And should you vanish, and my heart grow numb
With sorrow, as though yet so soon it seems;
And if the bitterness should long consume
My thoughts of you, who briefly lit the day,
And sun no more return to re-illume
And lift the flower withered in the clay;
Yet memory of a distant atmosphere,
Travail obscure as rock in some dark field,
The glassed-in din's dull pulsing in my ear,
Faint throb of stars, so long astir but sealed,
Recalls a love left even more alone,
How only cold released the ache of stone.
I Had of Love
I had of love, when it first came,
A single, lonesome bolt;
It had but one--and I could find
No living antidote.
And so, I made my cure of hearts
A cold night wind instead,
And all the sadly brimming stars
Shone down on our chill bed.
And then I hummed forgotten fields
A lover's lullaby,
And by the fallen gates of hope,
We wept, the wind and I.
Though Sorrow Mock
I shall not give you up for lost,
though grief prevail,
Though silence join with ash
to prove all perish;
though sorrow mock my hope
for all I cherish.
There But for the Grace
Tripped by a flash
painting of a silhouetted
square pair twilight-crowned
with fiery sunburst flaring
out over them
like a blast from an open
furnace cleaving cloudmass into dark,
billowing wings a vision branded
deep revives, sudden
in side by side
of dust spilling down,
tombs sealed the way snow
slips off mountains, gravemaking
thaw of steel
how a curious
master of heights surveying
the world from a summit late
one summer stepped
so casually, blithely
recording last days, lost sights.
How spring's first green is gold
the not yet weeping
when in the sketch called April, they
like faint forsythias glow.
like men who must endure
though all their treasure pass,
mark summer's end where fall's first change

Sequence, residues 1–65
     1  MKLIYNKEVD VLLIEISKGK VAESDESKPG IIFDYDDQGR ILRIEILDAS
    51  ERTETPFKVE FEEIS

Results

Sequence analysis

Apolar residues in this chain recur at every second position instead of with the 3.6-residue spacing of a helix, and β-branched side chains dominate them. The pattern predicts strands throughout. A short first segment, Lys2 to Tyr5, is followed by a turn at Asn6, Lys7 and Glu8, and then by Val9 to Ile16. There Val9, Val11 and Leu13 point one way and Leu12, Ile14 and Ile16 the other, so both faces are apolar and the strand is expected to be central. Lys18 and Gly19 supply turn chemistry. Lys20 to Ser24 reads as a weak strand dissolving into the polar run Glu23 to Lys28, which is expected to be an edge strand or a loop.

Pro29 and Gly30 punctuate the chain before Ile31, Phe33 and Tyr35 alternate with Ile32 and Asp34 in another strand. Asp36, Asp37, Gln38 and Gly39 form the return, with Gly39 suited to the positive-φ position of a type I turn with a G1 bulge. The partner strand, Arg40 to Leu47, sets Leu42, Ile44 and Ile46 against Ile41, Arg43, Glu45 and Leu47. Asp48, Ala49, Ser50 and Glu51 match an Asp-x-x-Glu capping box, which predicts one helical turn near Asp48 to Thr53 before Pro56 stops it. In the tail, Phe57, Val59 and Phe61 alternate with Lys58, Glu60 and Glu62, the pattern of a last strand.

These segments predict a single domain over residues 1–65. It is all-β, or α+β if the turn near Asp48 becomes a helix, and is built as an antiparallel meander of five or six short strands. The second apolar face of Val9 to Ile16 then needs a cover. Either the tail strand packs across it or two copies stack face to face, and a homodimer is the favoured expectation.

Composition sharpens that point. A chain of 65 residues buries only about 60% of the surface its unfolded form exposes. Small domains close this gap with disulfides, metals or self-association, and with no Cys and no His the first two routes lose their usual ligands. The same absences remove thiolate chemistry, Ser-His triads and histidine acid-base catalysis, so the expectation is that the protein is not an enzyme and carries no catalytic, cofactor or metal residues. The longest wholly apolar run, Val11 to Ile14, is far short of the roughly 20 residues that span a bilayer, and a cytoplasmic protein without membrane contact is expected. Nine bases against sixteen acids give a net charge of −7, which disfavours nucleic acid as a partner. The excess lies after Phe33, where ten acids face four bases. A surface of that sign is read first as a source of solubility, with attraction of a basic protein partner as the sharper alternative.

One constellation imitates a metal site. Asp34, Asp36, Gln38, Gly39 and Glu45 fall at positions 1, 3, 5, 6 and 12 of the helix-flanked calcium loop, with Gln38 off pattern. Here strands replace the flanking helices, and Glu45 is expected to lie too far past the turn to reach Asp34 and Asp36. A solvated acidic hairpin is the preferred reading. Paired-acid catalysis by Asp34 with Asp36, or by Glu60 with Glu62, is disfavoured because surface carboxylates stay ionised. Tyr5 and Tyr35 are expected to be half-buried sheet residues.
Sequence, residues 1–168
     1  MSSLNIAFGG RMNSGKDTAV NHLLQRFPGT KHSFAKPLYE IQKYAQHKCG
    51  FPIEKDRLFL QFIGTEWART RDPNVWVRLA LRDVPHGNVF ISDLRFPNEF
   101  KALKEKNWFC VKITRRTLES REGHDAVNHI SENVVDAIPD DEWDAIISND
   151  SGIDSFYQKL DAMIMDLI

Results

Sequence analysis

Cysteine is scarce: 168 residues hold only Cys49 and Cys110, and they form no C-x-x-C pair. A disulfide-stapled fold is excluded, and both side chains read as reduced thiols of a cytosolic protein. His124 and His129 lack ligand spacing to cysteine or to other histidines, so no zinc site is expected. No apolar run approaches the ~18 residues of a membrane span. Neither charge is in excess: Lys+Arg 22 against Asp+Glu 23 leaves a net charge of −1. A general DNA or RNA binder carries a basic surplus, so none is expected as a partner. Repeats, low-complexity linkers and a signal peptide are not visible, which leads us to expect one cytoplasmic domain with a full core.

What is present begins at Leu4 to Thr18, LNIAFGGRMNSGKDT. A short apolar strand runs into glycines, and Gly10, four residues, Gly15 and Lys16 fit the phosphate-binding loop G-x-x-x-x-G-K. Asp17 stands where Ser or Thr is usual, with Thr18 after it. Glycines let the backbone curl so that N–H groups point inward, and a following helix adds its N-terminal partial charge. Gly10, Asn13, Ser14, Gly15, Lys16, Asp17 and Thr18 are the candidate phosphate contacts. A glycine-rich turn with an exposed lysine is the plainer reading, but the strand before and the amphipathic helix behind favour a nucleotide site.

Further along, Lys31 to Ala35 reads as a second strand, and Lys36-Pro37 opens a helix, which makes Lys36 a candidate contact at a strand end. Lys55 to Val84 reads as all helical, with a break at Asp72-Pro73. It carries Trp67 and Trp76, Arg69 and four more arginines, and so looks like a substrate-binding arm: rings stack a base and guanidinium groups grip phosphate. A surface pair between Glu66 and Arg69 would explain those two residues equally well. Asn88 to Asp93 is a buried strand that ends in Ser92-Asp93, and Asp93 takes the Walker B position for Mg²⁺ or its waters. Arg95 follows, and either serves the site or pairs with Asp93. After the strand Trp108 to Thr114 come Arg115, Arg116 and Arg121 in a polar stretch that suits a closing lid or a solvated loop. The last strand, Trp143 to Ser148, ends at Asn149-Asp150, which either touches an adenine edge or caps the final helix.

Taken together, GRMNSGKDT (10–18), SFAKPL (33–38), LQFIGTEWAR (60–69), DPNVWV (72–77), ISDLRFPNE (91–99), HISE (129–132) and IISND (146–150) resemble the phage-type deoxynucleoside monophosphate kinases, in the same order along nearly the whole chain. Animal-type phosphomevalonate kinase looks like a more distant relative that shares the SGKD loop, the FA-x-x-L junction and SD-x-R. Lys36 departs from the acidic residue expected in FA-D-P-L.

lies golden in the grass.
Composing the flock I thought I heard
When wonder drew me out the door,
A solitary mockingbird,
Busily being more,
Absorbed in his little crowd of sounds,
A parody of me,
Was gathering in his singleness
Some songs for company.
I Do Not See
I do not see the stars tonight
Nor wonder if they shine,
For many years have passed since I
Wished any beauty mine.
I do not seek the flowered wood's
Unworldly hush and stir,
Nor are there cherished haunts of mind
As long ago there were.
I find no sail to lull me now
Away to courts of dream,
And upward from the sod I push
Blue skies fade out unseen.
Then to Thee Gladly
if in the sight of Thee
is peace, and happiness
fills all who look
And where Thou art,
truly cease, and Thou
art truly, and as said
Then to thee gladly
I send forth
my love--to Thy
an ill-used guest;
From sorrow, anguish,
tears, to aeons of
which but to look upon
I seek no gift of song today,
but something hard
to draw the chilling shade.
Doubtless sleep would better serve
to rouse them
from their lairs,
and make the stealthy shadows come
and take me
But in this blind
and watchful mood,
which stalls the flow of time,
since dreams are far,
I move the sun
by wrestling out a rhyme.
Clocking a Harvester
Clocking a harvester,
from nut to underground larder and back,
I found the course consistently run
forty seconds maximum--